Much like other consumer-minded industries, title & escrow businesses are advancing conversations around the “digital experience” to consider more nuanced perspectives around what consumers want. 

In other words, where once the question was whether fully-digital experiences were the best route forward, now, title & escrow businesses recognize the value of hybrid digital and in-person experiences to deliver best-in-class service. 

These nuanced perspectives are supported by recent surveys that show consumer’s digital preferences aren’t so black-and-white. A recent report by Solidifi US Inc., found 81 percent of consumers prefer to close on their home in-person; however, the survey also found that 70 percent of consumers would like a more digital process at the closing table. 

Homebuyer expectations are evolving

The shift toward digital is primarily a result of changing demographics. In the years to come, millennials will  become the largest cohort of buyers in U.S. history. According to Senior Economist at realtor.com, millennials will make up 50% of the market for loan originations in 2020. As a result, service providers at every stage of the real estate transaction are focused on delivering experiences that meet the digital demands of millennials.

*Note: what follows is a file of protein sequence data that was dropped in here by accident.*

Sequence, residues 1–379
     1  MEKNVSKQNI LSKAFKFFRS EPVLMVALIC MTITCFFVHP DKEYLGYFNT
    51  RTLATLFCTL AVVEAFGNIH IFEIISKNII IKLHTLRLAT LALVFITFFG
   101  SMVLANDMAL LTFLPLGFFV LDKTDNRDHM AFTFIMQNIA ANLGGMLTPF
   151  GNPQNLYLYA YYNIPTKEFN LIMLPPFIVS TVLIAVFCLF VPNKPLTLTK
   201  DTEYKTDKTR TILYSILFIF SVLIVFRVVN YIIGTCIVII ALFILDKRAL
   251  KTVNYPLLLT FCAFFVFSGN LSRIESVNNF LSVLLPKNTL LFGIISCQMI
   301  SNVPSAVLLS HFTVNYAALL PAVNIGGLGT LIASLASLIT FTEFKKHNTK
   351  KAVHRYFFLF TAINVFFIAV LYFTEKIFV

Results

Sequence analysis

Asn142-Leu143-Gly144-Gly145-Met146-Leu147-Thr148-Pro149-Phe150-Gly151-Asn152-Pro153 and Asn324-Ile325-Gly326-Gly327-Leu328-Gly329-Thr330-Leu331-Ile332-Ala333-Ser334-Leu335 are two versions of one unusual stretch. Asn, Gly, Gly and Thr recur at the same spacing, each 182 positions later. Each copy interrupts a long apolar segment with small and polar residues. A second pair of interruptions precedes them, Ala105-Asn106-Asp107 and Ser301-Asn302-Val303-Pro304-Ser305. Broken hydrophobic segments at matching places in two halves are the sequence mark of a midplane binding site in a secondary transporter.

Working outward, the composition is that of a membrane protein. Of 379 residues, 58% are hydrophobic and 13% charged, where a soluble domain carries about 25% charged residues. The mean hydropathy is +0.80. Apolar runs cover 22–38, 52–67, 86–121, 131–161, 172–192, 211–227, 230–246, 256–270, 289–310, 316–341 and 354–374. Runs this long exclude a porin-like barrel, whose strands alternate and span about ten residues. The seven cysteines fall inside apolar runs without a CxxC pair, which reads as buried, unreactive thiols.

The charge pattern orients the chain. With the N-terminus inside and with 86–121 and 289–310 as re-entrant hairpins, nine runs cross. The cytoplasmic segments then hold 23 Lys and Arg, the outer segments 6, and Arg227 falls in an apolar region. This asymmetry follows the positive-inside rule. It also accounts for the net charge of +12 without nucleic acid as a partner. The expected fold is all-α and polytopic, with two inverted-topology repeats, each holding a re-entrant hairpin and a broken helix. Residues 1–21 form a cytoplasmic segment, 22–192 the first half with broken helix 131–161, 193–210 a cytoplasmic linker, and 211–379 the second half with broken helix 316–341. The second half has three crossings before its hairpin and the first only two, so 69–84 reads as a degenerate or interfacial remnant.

For title & escrow businesses, the opportunity to deliver a digital experience is finally in close view with remote online notarization and other eClosing legislation passing in several states. The momentum toward eClosings—spurred by these legislative advancements— cannot be understated. According to a recent ALTA survey, 80% of title companies report that they are interested in conducting eClosings or have already conducted some form of online closing.